Audrey Hepburn still pictured in newspapers and magazines currently, displaying her relevance even decades later. (Photography by: Elisha Stenseng) (Elisha Stenseng)
Audrey Hepburn still pictured in newspapers and magazines currently, displaying her relevance even decades later. (Photography by: Elisha Stenseng)

Elisha Stenseng

Audrey Hepburn: Life Behind the Lights

March 30, 2023

On May 4, 1929, in Brussels Belgium, Emmy, Tony, Grammy, and Academy award-winning Audrey Hepburn was born. However, Hepburn was not immediately known as the actress she is today. At six years old, Hepburn’s father Joseph Victor Anthony abandoned her and her family during World War II. Audrey’s mother, Dutch Baroness Ella Van Heemestra, changed her child’s name to Ella Van Heemestra, masking her British roots and amongst the global conflict. Hepburn attended a boarding school in England, living in Nazi-occupied Holland with Hepburn’s mother initially being a Nazi sympathizer. However, these views radically altered when Audrey’s uncle was brutally imprisoned and murdered. Additionally, amongst conflict, the family endured starvation as their income plummeted. The family relied on tulip bulbs for nutrition.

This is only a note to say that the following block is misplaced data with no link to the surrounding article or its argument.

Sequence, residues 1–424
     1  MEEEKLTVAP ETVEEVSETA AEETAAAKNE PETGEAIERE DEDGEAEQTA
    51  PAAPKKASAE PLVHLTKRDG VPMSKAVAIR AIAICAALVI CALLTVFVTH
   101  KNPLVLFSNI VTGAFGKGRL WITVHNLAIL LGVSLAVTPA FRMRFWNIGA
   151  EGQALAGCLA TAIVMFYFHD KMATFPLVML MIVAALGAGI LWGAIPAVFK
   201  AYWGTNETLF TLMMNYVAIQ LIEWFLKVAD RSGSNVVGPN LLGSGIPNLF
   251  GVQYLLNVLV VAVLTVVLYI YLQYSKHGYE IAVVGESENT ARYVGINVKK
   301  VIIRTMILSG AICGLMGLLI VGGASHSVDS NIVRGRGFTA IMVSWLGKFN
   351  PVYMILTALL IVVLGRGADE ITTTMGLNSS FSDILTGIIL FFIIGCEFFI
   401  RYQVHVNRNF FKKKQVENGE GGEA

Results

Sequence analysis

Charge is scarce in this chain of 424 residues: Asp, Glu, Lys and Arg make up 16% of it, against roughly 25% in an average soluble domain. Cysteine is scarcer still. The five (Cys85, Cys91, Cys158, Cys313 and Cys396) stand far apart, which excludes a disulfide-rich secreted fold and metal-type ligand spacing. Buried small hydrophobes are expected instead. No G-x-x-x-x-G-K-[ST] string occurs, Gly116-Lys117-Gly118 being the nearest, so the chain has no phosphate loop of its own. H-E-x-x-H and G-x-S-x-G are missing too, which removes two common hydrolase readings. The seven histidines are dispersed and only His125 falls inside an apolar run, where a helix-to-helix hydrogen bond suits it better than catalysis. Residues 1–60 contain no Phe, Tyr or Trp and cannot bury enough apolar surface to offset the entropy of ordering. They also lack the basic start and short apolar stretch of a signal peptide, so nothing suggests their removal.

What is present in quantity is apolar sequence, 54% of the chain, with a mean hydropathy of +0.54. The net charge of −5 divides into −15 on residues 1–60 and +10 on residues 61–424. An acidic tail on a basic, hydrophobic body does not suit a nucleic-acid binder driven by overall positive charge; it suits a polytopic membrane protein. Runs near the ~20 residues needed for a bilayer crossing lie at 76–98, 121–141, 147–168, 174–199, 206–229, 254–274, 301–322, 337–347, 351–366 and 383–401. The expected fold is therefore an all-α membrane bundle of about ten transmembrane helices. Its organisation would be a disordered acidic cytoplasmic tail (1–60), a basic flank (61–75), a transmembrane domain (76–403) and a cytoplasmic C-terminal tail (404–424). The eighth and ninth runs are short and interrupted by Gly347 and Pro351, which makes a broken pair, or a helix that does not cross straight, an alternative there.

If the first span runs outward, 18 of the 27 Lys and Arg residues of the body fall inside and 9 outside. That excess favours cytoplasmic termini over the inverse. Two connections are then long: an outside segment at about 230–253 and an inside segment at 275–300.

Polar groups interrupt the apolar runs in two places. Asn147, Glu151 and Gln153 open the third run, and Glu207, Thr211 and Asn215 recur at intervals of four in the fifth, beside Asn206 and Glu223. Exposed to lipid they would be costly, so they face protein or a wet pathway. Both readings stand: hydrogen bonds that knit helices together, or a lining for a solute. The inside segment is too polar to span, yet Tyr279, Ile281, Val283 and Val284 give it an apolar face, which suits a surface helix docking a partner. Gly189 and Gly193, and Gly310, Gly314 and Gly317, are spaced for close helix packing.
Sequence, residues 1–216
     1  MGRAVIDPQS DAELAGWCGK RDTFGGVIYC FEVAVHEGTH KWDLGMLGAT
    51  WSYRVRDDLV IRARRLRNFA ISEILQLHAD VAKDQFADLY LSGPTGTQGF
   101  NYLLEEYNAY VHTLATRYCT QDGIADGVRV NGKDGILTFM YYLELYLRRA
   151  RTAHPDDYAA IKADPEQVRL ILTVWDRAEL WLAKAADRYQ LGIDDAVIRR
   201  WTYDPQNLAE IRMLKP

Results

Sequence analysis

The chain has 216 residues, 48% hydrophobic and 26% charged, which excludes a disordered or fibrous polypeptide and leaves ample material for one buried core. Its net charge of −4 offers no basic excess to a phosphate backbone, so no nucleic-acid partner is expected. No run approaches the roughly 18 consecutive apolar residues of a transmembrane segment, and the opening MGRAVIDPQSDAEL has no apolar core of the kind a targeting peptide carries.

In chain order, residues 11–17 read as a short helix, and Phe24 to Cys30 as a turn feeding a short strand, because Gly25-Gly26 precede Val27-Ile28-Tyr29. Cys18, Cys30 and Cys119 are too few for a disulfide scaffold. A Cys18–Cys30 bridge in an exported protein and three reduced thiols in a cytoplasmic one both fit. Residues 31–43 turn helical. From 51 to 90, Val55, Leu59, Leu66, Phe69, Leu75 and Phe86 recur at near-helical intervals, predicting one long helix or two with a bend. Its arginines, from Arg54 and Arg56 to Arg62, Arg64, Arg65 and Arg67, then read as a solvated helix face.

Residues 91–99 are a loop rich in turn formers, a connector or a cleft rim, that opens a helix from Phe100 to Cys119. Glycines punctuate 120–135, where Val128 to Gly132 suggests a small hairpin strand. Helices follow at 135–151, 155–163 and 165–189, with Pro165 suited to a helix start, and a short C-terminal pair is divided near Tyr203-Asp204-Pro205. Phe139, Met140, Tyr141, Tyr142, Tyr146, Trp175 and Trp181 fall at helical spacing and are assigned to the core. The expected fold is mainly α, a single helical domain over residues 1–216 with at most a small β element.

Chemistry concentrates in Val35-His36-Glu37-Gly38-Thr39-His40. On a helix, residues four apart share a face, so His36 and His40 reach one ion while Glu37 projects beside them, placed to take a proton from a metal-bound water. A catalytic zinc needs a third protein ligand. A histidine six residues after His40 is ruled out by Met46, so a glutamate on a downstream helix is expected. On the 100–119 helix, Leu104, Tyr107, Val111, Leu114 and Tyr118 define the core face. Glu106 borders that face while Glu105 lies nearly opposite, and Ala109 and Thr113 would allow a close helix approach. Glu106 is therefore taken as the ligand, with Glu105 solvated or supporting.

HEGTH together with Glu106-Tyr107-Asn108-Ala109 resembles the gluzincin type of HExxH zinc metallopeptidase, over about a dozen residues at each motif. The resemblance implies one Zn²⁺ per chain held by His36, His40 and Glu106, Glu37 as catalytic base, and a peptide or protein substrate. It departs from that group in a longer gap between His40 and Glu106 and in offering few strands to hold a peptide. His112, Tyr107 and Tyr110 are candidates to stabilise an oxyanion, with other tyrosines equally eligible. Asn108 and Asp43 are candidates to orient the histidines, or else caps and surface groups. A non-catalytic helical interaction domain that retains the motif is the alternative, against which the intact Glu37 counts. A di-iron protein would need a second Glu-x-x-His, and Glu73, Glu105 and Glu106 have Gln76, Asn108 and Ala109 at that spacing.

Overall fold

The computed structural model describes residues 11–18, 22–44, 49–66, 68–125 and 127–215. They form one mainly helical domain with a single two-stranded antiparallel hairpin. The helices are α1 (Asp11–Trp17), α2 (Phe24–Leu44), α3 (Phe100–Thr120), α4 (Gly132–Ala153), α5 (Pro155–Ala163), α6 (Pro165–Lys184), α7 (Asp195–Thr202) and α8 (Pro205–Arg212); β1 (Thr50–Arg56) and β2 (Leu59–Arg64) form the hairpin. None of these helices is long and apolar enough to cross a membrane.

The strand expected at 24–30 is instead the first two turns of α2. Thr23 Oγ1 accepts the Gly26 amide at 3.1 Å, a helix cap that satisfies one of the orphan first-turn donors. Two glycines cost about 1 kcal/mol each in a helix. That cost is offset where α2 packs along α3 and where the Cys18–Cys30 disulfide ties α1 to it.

As she grew older, Hepburn began to play a role in the Nazi resistance in the 1940s, serving under a former Olympian and anti-German leader, Dr. Hendrik Visser’t Hooft, helping doctors forge identity documents to aid those in hiding. Further aiding, she delivered a resistance newspaper by bicycle, Oranjekrant (Orange paper) was written on a paper small enough to fit into her woolen socks, and delivered in secrecy. Additionally, she served through her passion for ballet, giving illegal dance performances to raise funds for the Dutch Underground. 

Audrey Hepburn is now pictured on the cover of major magazines decades following her death, showing her immense impact on our society. (Photography by: Elisha Stenseng)